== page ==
Alan Johnston was released! Yaaaaay!
I think we’re all a bit happy now.
Okay, so: I went into hospital yesterday. It was surprisingly untraumatic – I even enjoyed a lot of it, which was about as unexpected as, uh, Alan Johnston being released today, I guess. I didn’t sleep a wink the night before (apart from ten minutes just before my alarm went off at 5am, during which I was convinced that Lord Voldemort from Harry Potter was poking me on my Facebook account), but the reason I didn’t sleep had less to do with nerves – of which I had none – and more to do with the fact I was in pain. So I ended up at the hospital at 7am bloody relieved to finally be doing something about it after six months.
The staff were wonderful, really friendly and chatty; it was one nurse’s birthday and I spent the whole morning begging her for cake, even though I wasn’t allowed to eat anything. I was asked about 20 times if I’d ever had a heart attack or if I had fillings in my teeth or if I was allergic to anything – my response to the latter earning me a bright red wristband with the word PENICILLIN written on it in enormous letters. When I told the anaesthetist I was allergic to penicillin he asked me what happens when I take it.
“I die, apparently,” I replied. “My doctor told me years ago.”
“Okay,” said the anaesthetist, writing on his clipboard.
“I don’t even eat mouldy bread,” I continued. “I’m not taking any chances.”
“Right,” said the anaesthetist, still writing on his clipboard, and then he looked at me like I was mad, realised I was joking and laughed like a drain. I’m glad I amused him because ten minutes later my life was in his hands.
I’m still rather surprised that being wheeled into an operating room for a general anaesthetic and a bloody great injection in the nerve at the base of my spine wasn’t scary in the slightest – my beeping heart monitor didn’t even speed up. I was just intrigued by the whole thing and kept asking questions, much to everybody’s amusement. For the record, here’s the conversation I had as they prepared to knock me out:
Me: “I can’t believe you’re playing Neil Diamond in here. Could we not have had some Led Zeppelin?”
Matron: “We were thinking about Def Leppard but thought it might upset the surgeon.”
Male student nurse: “Well, here’s the needle I’m about to put in your hand.”
Me: “It’s not very big, is it?”
Male student nurse: “No, it’s just a wee little one.”
Me: “All the men say that to me.”
[Shocked silence. Then laughter.]
Anaesthetist: “We’ve got a right one here.”
Male student nurse: [After slapping my hand to find a vein for a minute or so] “Um, I’ve got a problem…”
Me: “Are you trying in vein?”
Anaesthetist: “Please let’s put her under soon.”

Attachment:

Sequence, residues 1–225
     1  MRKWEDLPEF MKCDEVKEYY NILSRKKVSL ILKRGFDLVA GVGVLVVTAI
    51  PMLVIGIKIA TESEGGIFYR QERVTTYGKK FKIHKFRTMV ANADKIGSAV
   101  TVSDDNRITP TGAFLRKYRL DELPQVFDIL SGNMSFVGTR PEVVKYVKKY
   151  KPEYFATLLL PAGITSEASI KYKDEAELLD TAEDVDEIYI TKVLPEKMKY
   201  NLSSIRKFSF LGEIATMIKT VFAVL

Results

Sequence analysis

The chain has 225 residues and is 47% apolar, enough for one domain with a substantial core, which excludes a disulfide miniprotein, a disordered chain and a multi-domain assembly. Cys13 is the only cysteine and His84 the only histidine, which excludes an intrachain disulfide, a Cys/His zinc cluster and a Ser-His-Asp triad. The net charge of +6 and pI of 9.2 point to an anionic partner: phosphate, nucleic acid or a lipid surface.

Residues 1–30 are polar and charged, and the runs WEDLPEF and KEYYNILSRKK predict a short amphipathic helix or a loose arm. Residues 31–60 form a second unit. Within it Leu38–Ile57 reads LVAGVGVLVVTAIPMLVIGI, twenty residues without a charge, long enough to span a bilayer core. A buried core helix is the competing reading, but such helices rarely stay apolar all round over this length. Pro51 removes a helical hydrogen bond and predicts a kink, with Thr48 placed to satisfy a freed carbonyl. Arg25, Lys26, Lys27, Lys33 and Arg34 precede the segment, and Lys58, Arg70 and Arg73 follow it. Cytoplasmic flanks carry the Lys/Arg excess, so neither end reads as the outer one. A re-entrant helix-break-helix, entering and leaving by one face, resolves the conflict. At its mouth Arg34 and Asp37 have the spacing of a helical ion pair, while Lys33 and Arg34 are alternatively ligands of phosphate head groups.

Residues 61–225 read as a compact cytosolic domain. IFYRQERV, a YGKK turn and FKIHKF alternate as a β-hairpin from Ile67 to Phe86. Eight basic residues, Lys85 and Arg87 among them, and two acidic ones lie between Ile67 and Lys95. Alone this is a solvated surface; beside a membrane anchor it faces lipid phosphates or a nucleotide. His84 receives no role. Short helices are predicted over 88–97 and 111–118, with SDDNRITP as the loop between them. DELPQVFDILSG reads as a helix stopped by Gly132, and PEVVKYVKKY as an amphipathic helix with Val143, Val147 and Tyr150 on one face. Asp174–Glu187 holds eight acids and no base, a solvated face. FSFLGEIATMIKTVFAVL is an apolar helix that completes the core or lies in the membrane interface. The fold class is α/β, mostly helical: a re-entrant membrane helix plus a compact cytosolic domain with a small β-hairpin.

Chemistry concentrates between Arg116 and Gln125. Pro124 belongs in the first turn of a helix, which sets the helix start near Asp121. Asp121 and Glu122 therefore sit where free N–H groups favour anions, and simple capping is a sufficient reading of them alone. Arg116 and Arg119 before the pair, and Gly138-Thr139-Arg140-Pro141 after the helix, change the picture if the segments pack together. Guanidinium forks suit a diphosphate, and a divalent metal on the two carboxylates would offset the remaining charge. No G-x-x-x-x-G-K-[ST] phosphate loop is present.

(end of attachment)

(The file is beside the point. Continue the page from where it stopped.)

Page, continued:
Male student nurse: [After injecting me and cocking it up, so the anaesthetist had to pull out the needle and put one in my other hand] “Sorry about that.”
Me: “That’s alright. You’re already torturing me with Neil Diamond, so the needle means nothing.”
Anaesthetist: “Okay, I’m giving you the anaesthetic now.”
Me: “I’m not doing that ‘counting backwards from ten’ rubbish, you know.”
Anaesthetist: “Alright. What do you want to say instead?”
Me: “See you later, guys! Wheeeeeeee…” [Snores]
You know, thinking about it, I’m amazed they didn’t give me an overdose.
Long story short: I woke up 35 minutes later absolutely fine; ten minutes after that I was sitting upright in bed back in the Day Ward, reading a book, asking for coffee, complaining they only had digestive biscuits and not chocolate digestive biscuits and demanding the nurses move the cabinet on the right hand side of my bed round to the left because I’m left-handed and I was being prejudiced against. Just after that, the birthday nurse gave me a biggest slice of chocolate cake I’ve ever seen and told me to shut up. I was quite happy.
Funny thing is, every single person in the Day Ward was poorly after their anaesthetics. The woman next to me was sick and all the others either slept for an hour after their procedures or were completely out of it. One guy even spent ten minutes waving his arms around like he was fighting off a swarm of bats. I didn’t feel woozy at all, certainly didn’t feel sick (even after an obscene amount of chocolate cake) and was up and out of bed so soon the nurses all gave me funny looks. I think I’ve found my superpower after 35 years: I am immune to the after-effects of general anaesthetics. That’ll come in handy in everyday life – couldn’t I have had super sex-appeal or something?
Twenty-four hours later, the injection in my back doesn’t hurt at all, but I still have sciatica. The doctor told me it could take a few weeks for my nerve to realise it’s not been aggravated any more, and until then I could have “ghost pain” while it carries on behaving the way it’s behaved for the last six months. Thus, I went for a walk earlier and every time it hurt – which it did a lot, dammit – I mentally told myself, “There is no pain. There is no pain.” After a while that became a Matrix-inspired “There is no spoon. There is no spoon.” That’s my new catchphrase now.
Back to work tomorrow. If you see anyone on the Bakerloo Line looking pained and mumbling, “There is no cotton-picking, god-damned, sonofabitch, mother-humping spoon!“… You’ll know why.